January 7, 2018

SHOWBUZZDAILY Golden Globes Live Blog


It’s not hyperbole to say that the stakes are higher for tonight’s GOLDEN GLOBES than they’ve ever been before.  On the awards front, a full set of wide-open Oscar races means that most Globe winners will become instant Academy Awards favorites.  Meanwhile, on the broader level, the Globes will be Hollywood’s first major awards show since the #metoo era began last fall, so everything said and done by host Seth Meyers and the presenters and winners will be scrutinized and parsed intently. 

4:58PM:  The red carpet seemed to go as planned with its sea of black outfits, and nary a question about who anyone was wearing  Now it’s time for the main event.

5:06PM:  On the highest wire of his career, Seth Meyers is so far balancing very smoothly.

5:12PM:  The mood of the crowd seems to be on board with pointed jokes, but not personal ones.  So the Kevin Spacey and Woody Allen gags aren’t playing very well.

5:13PM:  All things considered, though, Meyers did about as well as any human could have in a tough slot.

5:14PM:  First award of the night is one of the few Globes gimmes:  Nicole Kidman, winning again for Big Little Lies.  This one can be considered the first promo for Season 2.

5:19PM:  Is this going to be a 3 Billboards night?  Sam Rockwell takes Supporting Actor over Willem Dafoe and Christopher Plummer.

5:27PM:  The most Golden Globe-iest nominee of this year’s Golden Globes is The Greatest Showman.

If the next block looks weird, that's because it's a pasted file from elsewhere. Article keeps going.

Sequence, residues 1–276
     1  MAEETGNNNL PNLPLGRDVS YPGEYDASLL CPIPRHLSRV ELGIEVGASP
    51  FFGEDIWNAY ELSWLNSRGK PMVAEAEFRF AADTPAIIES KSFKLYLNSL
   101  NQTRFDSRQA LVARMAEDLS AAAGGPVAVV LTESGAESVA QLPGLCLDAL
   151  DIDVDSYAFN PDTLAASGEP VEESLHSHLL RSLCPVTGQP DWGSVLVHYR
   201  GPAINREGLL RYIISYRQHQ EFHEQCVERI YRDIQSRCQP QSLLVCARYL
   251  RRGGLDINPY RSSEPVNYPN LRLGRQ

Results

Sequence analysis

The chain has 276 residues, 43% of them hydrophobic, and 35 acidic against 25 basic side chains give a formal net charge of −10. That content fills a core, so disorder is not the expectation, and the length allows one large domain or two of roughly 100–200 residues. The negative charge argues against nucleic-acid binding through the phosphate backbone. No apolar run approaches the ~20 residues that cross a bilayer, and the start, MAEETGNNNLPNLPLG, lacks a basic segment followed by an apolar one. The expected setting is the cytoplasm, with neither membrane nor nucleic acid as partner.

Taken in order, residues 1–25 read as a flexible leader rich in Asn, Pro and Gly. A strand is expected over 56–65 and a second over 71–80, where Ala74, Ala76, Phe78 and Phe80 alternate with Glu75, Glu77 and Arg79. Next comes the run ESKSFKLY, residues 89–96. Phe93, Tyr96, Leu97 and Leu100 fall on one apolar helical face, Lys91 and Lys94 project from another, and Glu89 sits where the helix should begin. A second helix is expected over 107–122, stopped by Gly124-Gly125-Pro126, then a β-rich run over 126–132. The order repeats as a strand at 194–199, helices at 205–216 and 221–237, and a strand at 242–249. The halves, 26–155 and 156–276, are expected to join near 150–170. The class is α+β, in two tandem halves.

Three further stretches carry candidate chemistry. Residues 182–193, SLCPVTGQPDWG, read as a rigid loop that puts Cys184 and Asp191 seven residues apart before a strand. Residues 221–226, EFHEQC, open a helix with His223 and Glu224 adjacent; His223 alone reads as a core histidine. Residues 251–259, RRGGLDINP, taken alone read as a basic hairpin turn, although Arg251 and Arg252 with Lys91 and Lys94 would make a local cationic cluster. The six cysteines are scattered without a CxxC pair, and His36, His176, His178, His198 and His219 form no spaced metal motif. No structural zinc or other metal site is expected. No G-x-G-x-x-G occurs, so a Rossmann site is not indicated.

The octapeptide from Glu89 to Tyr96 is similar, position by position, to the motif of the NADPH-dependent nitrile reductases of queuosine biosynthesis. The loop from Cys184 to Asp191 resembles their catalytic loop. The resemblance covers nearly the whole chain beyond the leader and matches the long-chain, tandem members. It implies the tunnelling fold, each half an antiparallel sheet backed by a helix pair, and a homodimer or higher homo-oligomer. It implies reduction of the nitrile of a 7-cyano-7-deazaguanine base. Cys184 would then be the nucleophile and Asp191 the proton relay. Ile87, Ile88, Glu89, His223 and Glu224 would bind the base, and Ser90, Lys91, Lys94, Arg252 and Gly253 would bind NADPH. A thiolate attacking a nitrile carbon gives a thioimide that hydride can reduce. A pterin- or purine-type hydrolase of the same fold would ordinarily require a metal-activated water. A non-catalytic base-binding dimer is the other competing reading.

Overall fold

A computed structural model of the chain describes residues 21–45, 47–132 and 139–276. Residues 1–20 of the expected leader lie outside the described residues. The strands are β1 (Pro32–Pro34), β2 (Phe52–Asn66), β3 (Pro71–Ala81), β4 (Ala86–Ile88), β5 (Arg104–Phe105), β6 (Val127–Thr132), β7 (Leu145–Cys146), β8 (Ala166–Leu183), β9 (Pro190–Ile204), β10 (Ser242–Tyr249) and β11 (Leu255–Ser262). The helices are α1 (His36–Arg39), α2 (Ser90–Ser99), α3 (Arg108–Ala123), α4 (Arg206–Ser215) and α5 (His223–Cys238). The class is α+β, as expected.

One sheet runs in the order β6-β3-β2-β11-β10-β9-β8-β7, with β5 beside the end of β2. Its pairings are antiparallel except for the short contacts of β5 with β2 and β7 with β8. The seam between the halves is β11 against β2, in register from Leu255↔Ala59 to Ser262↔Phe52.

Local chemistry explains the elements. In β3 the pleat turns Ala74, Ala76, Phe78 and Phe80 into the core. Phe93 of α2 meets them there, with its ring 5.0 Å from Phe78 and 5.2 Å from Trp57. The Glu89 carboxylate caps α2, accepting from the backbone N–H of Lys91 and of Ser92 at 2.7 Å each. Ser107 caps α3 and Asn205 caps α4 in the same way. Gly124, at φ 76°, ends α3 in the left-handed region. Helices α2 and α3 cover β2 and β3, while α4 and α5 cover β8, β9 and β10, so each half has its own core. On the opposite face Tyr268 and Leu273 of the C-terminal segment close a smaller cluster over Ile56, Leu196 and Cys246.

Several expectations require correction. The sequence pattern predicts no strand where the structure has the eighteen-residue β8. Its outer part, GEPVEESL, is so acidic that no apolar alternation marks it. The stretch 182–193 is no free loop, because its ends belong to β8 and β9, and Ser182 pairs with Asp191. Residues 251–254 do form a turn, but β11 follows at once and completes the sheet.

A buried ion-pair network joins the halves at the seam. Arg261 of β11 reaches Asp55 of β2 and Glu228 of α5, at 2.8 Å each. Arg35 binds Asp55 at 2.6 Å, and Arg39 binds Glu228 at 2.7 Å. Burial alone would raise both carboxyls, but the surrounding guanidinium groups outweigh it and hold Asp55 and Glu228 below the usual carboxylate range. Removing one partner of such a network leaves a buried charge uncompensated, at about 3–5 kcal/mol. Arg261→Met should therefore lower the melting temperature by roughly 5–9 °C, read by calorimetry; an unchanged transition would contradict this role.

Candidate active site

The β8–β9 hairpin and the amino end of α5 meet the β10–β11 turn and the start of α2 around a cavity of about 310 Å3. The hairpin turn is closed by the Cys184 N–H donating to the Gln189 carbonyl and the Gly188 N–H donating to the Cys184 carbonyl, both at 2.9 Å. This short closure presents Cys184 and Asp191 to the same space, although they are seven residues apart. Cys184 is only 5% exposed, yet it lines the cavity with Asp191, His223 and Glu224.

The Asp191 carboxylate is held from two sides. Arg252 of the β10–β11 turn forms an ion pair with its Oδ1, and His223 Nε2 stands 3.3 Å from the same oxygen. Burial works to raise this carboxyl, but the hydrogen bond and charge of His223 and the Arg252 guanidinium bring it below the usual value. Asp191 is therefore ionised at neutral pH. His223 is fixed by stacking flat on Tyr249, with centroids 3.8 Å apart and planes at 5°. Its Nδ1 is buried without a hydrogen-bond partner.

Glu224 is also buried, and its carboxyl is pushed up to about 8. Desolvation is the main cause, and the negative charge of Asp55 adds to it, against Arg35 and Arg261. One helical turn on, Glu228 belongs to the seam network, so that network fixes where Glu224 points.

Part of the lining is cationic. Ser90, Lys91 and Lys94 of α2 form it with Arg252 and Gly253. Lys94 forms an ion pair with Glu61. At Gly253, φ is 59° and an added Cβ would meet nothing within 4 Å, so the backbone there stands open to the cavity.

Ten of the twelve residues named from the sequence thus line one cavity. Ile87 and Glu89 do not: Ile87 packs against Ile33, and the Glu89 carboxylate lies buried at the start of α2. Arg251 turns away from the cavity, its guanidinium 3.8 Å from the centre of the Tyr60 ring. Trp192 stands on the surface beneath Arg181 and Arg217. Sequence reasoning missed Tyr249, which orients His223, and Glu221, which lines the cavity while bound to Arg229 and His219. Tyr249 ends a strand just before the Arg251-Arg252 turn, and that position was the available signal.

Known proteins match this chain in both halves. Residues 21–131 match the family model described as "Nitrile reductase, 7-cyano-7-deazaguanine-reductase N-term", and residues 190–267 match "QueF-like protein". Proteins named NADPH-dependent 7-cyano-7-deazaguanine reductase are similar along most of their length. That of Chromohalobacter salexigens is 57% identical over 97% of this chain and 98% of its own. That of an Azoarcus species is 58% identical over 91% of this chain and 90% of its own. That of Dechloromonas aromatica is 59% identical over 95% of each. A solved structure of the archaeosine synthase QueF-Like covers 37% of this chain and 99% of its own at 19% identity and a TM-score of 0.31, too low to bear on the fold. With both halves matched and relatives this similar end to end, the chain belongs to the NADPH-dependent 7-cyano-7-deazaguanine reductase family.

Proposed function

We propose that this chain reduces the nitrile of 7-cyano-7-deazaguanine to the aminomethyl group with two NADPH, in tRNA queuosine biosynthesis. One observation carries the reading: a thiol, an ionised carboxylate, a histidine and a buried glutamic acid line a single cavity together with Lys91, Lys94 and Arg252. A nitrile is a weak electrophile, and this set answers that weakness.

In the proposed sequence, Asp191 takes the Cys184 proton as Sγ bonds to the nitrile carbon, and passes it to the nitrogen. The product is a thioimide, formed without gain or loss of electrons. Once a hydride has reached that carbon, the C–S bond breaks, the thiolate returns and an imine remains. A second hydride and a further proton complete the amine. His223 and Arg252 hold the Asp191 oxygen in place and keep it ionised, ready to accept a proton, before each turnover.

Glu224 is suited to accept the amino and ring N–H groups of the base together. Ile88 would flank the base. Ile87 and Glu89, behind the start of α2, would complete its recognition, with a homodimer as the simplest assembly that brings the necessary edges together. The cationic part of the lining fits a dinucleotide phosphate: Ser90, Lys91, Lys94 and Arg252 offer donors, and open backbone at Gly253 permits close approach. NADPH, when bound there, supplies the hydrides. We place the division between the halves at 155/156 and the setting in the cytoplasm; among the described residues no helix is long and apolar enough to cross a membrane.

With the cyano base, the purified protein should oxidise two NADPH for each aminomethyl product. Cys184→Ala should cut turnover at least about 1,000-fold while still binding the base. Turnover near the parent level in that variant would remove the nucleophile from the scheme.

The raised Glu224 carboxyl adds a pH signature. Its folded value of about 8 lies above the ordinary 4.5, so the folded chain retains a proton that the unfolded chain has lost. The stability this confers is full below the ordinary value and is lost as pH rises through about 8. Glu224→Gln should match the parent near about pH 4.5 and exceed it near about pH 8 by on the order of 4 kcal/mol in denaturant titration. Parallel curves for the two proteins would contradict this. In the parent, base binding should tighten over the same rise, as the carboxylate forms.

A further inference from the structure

5:29PM:  In the loaded TV Comedy Actress category, Rachel Brosnahan takes the award (after some Jennifer Aniston/Carol Burnett torture) for The Marvelous Mrs Maisel.

5:32PM:  The Hollywood Foreign Press wouldn’t have dared to give TV Drama Actress to anyone but Elisabeth Moss, who gave the performance of the season in a show that only became more topical as the year went on.

5:38PM:  There isn’t a person in that room who would know the head of the HFPA if they met her outside of that room.

5:40PM:  Sarah Paulson is a goddess, but she’s not “the star of The Post.”

5:43PM:  The Globes passed up the chance to give Freddie Highmore his first award for Good Doctor and joined the Emmys in awarding the great Sterling K. Brown.

5:45PM:  Let’s hope Roseanne Barr and John Goodman have better timing together on the revival of Roseanne.

5:46PM:  The Handmaid’s Tale is a fine show, but it’s also the show of the moment.  Interestingly, with Hulu winning this and Mrs Maisel possibly taking Comedy for Amazon, Netflix could be the odd streaming service out tonight.

5:54PM:  It’s too bad awards show clips are now just edited trailers, not actual scenes.

5:55PM:  Another Emmys repeat as Alexander Skarsgard takes TV Supporting Actor for Big Little Lies.

5:57PM:  The Shape of Water takes Best Score, which may mean something as the night goes on, since it beat 3 Billboards, Dunkirk and The Post.  (Or not.)